No. Simply bad understanding of the law on your part.


    tightly held corporation.

     
  4. You have chosen to ignore posts from high-road. Show high-road's posts

    Re: Supreme Court lies; but it's in Hobby Lobby fans' favor, so they won't complain

    In response to ronreganfan's comment:

    In response to high-road's comment:

     

     

    In response to ronreganfan's comment:

     



    What if,what if, what if. 

     

     

     

     

     

    The OWNERS of a company have religious freedom rights  protected by the constitution, not the companies themselves.  Companies are just groups of people, for purposes of this discussion.  You cannot force them to violate those rights simply because their money is invested in certain ways.

     

     

     

    This is the nature of rights: personal, and absolute.  They are not subject to government whims.

     

     

     

     

     

     



    No, those 'rights' are based on it's corporate status and are transferrable. If that company is sold then the new owners inherit those 'rights'.

     

     

     

     

     

     

    That makes those rights inherent to the corporation ... corporate rights.... regardless of who the owners are.

     



    No. Simply bad understanding of the law on your part.

     

    tightly held corporation.



    So you're saying that if the company was sold to another 'tightly held' group they wouldn't get the same rights inferred on the corporation?

    Now that's just dumb and illogical.

    And what constitutes 'tightly held'?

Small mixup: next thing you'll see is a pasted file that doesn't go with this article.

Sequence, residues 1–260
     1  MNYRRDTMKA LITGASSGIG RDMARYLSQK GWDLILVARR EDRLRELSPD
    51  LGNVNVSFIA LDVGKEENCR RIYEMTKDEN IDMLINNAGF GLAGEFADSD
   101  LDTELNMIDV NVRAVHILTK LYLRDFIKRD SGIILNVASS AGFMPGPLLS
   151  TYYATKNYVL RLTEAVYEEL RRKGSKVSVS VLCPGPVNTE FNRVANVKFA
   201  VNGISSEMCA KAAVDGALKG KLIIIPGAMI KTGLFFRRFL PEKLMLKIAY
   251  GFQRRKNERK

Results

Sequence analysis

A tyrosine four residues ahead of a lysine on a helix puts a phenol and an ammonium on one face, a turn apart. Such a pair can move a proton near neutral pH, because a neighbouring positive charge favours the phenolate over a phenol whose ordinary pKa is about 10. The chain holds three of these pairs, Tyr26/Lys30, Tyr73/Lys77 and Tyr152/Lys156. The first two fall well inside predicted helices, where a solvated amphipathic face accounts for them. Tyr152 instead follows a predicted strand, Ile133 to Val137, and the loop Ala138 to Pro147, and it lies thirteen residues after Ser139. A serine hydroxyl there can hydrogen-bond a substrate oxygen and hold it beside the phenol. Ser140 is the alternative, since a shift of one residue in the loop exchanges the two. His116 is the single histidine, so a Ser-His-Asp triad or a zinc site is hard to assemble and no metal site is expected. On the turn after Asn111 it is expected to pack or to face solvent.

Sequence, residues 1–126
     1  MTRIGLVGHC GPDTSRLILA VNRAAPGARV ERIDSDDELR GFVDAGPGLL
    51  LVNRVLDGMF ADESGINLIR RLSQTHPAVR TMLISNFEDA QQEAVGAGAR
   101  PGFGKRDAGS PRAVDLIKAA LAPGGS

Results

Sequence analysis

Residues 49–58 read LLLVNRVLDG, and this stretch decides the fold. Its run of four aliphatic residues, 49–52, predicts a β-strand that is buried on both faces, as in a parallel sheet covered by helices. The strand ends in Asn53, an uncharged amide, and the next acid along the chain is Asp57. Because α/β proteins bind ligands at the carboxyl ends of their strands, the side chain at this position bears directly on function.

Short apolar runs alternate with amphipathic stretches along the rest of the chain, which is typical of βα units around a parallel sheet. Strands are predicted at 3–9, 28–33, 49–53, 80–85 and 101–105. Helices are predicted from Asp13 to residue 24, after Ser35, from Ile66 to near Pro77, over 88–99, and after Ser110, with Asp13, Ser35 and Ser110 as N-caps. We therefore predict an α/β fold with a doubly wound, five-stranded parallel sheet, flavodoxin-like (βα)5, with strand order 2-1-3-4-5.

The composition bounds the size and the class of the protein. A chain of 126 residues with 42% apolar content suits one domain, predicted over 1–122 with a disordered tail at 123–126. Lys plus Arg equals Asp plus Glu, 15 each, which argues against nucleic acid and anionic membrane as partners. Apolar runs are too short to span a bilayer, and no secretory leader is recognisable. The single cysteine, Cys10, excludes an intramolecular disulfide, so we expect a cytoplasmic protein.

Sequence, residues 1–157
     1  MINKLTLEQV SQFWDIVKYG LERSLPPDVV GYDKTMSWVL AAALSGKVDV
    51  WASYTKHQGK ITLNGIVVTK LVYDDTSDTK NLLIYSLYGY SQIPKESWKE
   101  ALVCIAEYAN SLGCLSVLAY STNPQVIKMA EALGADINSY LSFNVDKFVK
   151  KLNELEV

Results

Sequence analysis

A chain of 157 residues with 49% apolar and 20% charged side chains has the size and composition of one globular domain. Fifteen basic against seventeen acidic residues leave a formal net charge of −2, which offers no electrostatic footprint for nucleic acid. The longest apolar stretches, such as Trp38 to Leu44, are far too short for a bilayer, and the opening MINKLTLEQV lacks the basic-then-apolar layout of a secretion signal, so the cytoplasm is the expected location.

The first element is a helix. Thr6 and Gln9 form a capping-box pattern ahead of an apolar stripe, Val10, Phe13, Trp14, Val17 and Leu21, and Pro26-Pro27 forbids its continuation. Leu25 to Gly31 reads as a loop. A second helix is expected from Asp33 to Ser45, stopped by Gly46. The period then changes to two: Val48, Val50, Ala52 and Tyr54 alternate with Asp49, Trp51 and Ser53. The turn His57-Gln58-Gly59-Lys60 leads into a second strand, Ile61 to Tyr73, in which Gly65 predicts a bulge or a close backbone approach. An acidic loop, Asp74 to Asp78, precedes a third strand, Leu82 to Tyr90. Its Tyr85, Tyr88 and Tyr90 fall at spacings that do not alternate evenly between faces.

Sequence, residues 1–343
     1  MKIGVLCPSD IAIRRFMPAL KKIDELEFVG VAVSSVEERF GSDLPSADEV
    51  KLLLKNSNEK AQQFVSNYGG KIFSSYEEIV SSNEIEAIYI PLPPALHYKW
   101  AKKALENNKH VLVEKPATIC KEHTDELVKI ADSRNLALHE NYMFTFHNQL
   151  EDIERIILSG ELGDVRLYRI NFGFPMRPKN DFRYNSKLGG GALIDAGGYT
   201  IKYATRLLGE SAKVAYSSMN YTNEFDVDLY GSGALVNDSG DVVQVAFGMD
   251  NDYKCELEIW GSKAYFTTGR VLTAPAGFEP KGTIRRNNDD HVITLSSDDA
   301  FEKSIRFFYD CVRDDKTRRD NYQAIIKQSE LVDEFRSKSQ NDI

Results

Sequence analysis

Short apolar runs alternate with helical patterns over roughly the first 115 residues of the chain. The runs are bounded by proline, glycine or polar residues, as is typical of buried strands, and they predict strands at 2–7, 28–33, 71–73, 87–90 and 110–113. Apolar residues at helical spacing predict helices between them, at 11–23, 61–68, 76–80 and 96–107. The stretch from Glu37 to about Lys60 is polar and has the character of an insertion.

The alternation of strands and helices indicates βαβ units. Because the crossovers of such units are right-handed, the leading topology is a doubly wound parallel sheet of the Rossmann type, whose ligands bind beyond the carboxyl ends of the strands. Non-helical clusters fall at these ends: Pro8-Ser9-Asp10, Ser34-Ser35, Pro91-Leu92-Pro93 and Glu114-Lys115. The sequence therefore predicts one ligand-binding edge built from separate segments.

Is there a threshold? 10 owners, 20, 30 ...

     

     
  5. You have chosen to ignore posts from high-road. Show high-road's posts

    Re: Supreme Court lies; but it's in Hobby Lobby fans' favor, so they won't complain

    Woman’s Attempt To Troll Liberals Backfires

    Holly Fisher, a conservative Christian, has been getting insane amounts of attention recently by trolling liberals on social media over the Supreme Court’s Hobby Lobby decision. Unfortunately, she tried to up the ante one too many times and now she has unintentionally become the living symbol of how fundamentalism, no matter in what religion, looks disturbingly similar.

    After gaining internet fame for posing for a “conservative hat trick” by standing in front of a Hobby Lobby wearing a pro-life t-shirt and drinking out of a Chick-fil-a cup, Fisher wanted to find her next big political statement. Fisher’s fans had apparently been telling her that just standing in front of Hobby Lobby wasn’t good enough. The astute patriots noted that the most important aspects of being an American – guns, the Bible and the American flag – were conspicuously absent. Assuming she could get a further rise out of the liberals she hates so much, Fisher quickly tweeted a new photo to prove just how patriotic she was.

    HL